Tuesday, June 06, 2006

intergenerational community

Tonight my husband and I went to visit his grandparents in the retirement home where they live. For me it's a familiar place, because my great grandparents lived there when I was growing up, two of my grandparents live there in an apartment, and also these grandparents-in-law live there. It's a Quaker retirement community, and it's great hearing people's stories of growing up knowing of each other, going to college together, going off to various jobs, and coming back to retire here. It's pretty crazy to imagine myself there with my college friends in 50 years!

Every time I visit the Manor, as we call it, I'm reminded of why our communities need to be multi-generational. I'm not someone who is particularly drawn to ministry with older adults, but the people at the Manor are incredibly warm and welcoming, cheerful and friendly. We met several people last night with whom we made connections--went to the same seminary, they know my relatives, she grew up down the street from my grandma, etc. There's a sense of life and vitality in them that is often absent in younger people, where you'd expect it to be more present. Probably part of that is the fact that they can do whatever they want all day (within reason)--I can't wait to be retired! But part of it there at the Manor is all these people who have grown old in the presence of God, and I can see their Inner Light shining so brightly.

My grandparents-in-law are this way. She had a stroke so she can't walk very well and her voice is very weak, but you can tell she's just as sharp as ever. He takes care of her, patiently and humbly, and shared with us last night that he still can't believe he was the one to get her and all those other guys missed out! Their passion for their faith and their unashamed living of it is contagious and heartening. They are prayer warriors in the best sense of the word, holding others in the Light daily and probably hourly. They shared about the meeting they attend, how it now hardly meets in the sanctuary but has become a "coffeehouse church," where people come have coffee, chat, someone shares from up front a way they've seen God recently, and they sing a few songs. Grandpa shared that he's completely happy attending this meeting for worship, because it's like when they were ministering in Burundi--you have to listen to God to know what will connect with the culture, and he's happy doing whatever it is that God's doing in that area to help people's souls recognize the presence of the Divine.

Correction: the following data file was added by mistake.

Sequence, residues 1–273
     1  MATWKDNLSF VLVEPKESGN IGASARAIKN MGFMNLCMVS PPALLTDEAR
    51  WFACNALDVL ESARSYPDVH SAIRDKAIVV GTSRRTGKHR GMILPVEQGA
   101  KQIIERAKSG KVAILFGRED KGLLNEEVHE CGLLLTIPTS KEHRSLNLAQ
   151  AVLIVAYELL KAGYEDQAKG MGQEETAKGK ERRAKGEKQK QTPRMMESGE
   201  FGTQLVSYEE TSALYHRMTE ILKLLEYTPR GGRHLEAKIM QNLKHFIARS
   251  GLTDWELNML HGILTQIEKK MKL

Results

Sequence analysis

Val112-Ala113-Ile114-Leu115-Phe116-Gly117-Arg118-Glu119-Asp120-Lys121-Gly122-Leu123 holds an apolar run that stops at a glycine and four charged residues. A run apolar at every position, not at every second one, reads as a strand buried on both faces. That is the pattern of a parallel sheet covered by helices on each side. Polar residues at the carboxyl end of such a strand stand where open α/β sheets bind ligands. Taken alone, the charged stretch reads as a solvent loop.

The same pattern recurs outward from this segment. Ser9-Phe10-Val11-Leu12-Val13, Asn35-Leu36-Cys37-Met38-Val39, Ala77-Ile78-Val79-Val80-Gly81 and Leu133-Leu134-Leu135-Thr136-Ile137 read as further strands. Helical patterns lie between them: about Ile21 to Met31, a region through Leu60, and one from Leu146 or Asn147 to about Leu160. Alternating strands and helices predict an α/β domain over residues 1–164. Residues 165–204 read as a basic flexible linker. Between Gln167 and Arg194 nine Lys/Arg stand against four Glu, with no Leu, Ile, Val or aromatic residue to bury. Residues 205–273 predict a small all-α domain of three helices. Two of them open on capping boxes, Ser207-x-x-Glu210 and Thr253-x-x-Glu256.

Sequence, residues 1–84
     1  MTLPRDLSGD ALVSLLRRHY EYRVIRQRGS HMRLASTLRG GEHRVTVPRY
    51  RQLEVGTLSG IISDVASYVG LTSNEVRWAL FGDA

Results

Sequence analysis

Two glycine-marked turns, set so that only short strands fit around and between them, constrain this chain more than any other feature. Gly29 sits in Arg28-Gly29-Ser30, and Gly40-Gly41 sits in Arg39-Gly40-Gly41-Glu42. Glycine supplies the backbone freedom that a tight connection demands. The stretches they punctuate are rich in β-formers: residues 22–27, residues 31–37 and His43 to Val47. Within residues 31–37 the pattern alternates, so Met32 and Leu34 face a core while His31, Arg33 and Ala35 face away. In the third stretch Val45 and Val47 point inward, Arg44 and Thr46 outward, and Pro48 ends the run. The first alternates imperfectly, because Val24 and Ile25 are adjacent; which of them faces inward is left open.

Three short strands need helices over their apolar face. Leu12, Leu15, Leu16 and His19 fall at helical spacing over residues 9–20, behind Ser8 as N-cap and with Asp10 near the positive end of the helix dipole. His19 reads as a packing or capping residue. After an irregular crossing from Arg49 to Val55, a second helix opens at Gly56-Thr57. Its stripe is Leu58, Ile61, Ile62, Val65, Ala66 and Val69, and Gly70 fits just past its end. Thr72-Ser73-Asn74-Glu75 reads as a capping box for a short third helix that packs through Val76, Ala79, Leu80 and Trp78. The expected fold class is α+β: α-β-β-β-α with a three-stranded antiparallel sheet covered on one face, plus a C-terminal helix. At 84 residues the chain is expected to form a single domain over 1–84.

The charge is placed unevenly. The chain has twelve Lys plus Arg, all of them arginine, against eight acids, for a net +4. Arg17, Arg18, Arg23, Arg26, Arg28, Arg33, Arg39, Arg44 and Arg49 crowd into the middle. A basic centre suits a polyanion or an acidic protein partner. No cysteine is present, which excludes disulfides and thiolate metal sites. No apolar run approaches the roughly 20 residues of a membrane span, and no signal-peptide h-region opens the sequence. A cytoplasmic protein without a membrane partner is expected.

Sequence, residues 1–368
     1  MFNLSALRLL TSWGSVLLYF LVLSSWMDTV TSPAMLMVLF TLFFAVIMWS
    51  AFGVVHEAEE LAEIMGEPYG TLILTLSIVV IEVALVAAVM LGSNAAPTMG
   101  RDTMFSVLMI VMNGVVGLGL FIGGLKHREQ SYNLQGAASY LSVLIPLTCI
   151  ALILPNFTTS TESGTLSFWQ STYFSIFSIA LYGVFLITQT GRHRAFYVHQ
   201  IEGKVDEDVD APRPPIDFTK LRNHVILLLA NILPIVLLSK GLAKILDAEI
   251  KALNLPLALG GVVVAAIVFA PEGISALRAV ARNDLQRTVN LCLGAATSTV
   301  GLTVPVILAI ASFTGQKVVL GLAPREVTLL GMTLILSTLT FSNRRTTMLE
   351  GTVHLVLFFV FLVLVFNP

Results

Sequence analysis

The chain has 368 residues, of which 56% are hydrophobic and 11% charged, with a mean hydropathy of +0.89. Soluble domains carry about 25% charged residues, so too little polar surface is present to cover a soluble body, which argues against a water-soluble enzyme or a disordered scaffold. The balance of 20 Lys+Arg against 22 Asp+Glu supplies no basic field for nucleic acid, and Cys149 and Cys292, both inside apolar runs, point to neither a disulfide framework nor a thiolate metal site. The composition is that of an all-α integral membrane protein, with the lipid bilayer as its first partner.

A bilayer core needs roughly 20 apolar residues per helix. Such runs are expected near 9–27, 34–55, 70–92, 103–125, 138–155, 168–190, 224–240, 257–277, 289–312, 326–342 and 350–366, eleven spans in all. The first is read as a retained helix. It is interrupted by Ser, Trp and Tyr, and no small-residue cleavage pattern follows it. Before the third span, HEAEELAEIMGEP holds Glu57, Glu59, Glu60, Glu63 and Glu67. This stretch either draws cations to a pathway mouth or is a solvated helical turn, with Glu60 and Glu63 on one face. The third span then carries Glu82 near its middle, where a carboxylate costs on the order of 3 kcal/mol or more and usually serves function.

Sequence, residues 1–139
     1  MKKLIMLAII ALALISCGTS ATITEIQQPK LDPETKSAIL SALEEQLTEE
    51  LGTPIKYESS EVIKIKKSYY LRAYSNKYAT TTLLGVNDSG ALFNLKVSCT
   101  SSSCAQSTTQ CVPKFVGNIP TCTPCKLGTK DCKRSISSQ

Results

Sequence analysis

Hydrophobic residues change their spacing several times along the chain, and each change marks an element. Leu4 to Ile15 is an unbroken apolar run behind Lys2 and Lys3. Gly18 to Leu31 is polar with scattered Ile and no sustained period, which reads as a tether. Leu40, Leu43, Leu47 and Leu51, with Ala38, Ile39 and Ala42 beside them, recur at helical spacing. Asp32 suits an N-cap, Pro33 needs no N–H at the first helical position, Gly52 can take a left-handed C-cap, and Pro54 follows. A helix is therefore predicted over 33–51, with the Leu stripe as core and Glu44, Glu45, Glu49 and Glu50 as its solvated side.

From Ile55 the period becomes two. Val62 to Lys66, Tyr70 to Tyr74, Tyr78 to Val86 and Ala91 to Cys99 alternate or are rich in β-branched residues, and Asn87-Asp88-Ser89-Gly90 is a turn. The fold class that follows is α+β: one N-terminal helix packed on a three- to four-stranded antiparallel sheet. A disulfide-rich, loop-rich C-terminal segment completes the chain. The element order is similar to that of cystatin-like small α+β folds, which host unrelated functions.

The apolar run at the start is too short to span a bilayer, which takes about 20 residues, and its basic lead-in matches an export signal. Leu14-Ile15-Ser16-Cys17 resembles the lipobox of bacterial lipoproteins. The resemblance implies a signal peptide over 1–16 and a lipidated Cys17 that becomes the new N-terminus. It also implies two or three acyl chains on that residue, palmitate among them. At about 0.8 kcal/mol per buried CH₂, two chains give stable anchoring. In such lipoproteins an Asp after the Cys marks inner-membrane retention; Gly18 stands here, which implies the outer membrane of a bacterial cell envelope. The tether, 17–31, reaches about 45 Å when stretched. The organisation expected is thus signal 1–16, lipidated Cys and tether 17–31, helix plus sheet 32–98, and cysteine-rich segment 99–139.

I hope when I'm older I will be as immersed in the power and love of the Light of Christ as they are, as in love with my husband and as willing to reach out to those around me in new ways. There is much we can learn from each generation. I hope we listen well to that of God in those older than us, and when it's our turn we can share their love and Light along with ours to future generations.


NYAfterthoughts said...

There is already a peace and a sincerity in your voice that makes your light seem brighter than your years would suggest.

This topic is something I was thinking about this week, and after the service, I asked another Friend, who is about my mother's age, what she thinks about in the silence. You see, I'm 31, and I think I'm at least a decade younger (and sometimes five decades) younger than everyone else. I couldn't help but wonder this time, as I looked around, what will I "know" when I'm 50? What messages will I have received? I think you're not really supposed to ask, but other people's thoughts and motivations are, and probably always be, a mystery to me. She answered, hesitantly, but without saying much. I guess I should have seen that since, as Emerson said, answers are delusive--it is really no answer to the questions you ask.

Philip said...

I reached your post serendipidously through a web search on "intergenerational". Your thoughts were parallel and informative. As a senior I would like to live in an intergenerational environment.